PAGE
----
Tuesday, March 23, 2010

Discecting a Snake

If you had a hard time with the picture on my previous post, then you may not want to read this one. The first picture(s) are ok. But I wouldn't recommend any more than that if you have a hard time with blood or innards of any sort. Just a heads up.
So in class yesterday, these policemen brought in a dog that they had recently adopted and were going to train for duty. It was a freaking huge German Shepherd mix. And I got to bathe it. That was quite messy. It wouldn't fit in the bathing bin, so another student and I had to do it in the horse cleaning area, which is basically one big empty room with hose. Oh, and a drain in the middle. Woot. Anyway, after that exciting ordeal, I was pretty much soaked from the knees down. And I have provided a picture of my wetness. I didn't get one of the dog though, darn.
After that I decided that little dogs are fan-freaking-tastic! This one girl that comes to class has a teeny little puppy. It has been dehydrated for a while and it gets hydrating shots every time it comes, poor thing. It's about as big as my foot, which is a size 5 and a half. Here is a picture of me and that little puppy. It is super cute. If I'm remembering correctly it is a Yorkshire terrier/poodle mix.
So as with dogs, snakes come in all sorts of sizes. Another girl in my class, who is very pregnant and her belly button is poking out a ton, caught a little snake in St. George this past weekend. It is kind of like a worm in size, but it isn't slimy like a worm. I haven't held it, but I kind of want to. It is weird, and definitely not an anaconda.
Today in class we had a snake that was about a bazillion times bigger than the little snake. It was a 25 year old Boa. Yikes. The poor girl was in the process of dying and was pregnant. The owner breeds snakes. He wasn't sure how far developed the babies were, so he brought in the snake so we could kill it and see if it was possible to save the baby snakes. ya, that was a gruesome ordeal. I asked my teacher if it would hurt the snake when we killed it, her reply was, "It will hurt a little, but she's already dying and death would be a relief to her." So ya, Susan, my teacher, took a tool and stabbed right into the back of the snakes skull and into the bran. And that is how it died. Poor thing.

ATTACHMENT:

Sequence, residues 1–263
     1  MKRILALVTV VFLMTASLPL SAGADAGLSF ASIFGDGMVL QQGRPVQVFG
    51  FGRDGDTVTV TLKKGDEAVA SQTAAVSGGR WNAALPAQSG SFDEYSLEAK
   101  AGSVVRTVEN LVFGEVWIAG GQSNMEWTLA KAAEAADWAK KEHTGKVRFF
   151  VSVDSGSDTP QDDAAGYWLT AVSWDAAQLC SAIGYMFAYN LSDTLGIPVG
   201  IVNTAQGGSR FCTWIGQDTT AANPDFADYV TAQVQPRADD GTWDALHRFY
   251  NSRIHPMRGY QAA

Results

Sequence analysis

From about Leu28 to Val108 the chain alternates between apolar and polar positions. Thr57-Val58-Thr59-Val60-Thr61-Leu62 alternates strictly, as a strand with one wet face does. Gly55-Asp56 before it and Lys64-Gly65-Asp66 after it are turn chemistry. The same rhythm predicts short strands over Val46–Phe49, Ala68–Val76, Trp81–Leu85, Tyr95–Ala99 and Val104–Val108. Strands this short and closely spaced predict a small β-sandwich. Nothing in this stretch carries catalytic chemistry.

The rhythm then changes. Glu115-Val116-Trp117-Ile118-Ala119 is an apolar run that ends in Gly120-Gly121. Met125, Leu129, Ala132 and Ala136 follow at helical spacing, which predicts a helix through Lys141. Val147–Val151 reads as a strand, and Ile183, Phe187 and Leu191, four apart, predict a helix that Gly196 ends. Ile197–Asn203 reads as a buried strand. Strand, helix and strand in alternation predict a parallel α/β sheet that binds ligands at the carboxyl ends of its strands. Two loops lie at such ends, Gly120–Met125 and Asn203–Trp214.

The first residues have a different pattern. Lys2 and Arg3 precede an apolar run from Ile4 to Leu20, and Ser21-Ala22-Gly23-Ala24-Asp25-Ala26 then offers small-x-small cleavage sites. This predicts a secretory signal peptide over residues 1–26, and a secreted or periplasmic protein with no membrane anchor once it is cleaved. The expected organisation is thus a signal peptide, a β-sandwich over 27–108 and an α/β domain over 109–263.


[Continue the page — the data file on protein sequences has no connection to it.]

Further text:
So after that we had to cut it open. I would advise never cutting open a snake because it is completely disgustingly stinky inside. Bleck. I was breathing through my mouth a lot. This picture is of another student cutting open the snake.
This is the snake's awesome vein that went all the way down it's body. That was pretty cool to see.
When we got to the place the baby snakes would be, we found them to be hardly developed at all. There were tons of eggs though. Boas give live births to their babies, but they develop inside of these little gooey egg things. In the picture you can tell which eggs are fertilized and which aren't. The white ones are the ones that are fertilized, the yellow ones are not. We even cut one open and found the little fetus, it would probably fit on half of my pinky fingernail. It was really small.
In this picture you can see the trachea of the snake. That's the part that the food goes down. It was really cool, it went all the way down until you got to all the other crazy insides. It was awesome!
We then proceeded to take apart the snake. The owner wanted us to skin it so that he could hang the skin on his wall. Gross. I did quite a bit of skinning, it was nasty. I did think it was cool to see the ribs though, and that's what's shown in this picture. And most of the innards are taken out here. Gross.
This picture is of all the insides of a snake in one big pile. Gross.
I am really enjoying my class. Although we don't have exciting things come in every day, it is nice that there's randomness to it. I like that you never know what's going to happen in a day. It's great!

Saturday, March 13, 2010


I have now successfully completed two weeks of school at the Bridgerland Applied Technology College. Woot! On my second day of school, I was able to observe the dissection of a cat's uterus, which had two dead fetuses inside. It was really cool. There was a lot of blood and gross amniotic fluid there, but it didn't bother me, which is good. I took a picture on my phone and there it is. Sorry if you have a weak stomach. You'll get over it. :)
On this past Monday, the class was going up to my teacher's home to help prepare her pregnant goats to give birth. I was so pumped to go, but then my car broke down. I could shift into first, third, and fifth gear; reverse, second, and fourth were not working at all. Lame. So I ended up not going to class because I missed the carpool up and I was afraid to drive my car all the way to Preston, Idaho. I picked up my car all fixed this morning, but that's another story that I will get to later.
So on Thursday I had a little bit of a predicament in class. We were going to be drawing blood from dogs and cats. It is always important to have practice, right? Well, I have always kind of had a thing with needles. It's not like I pass out when I get a shot, but I can't watch the needle go in. And when I'm donating blood, I can't look at it when I have this needle inside of my arm. So anyway, we students are watching a veterinarian who came in to instruct us, and I pretty much almost passed out. I got super light headed and had to sit down. Ya, it never really got better. I would come close to watch drawing blood from a different area, but as soon as that needle went in and filled with blood, I had to sit down. ya, this could be a bad sign for my veterinary career.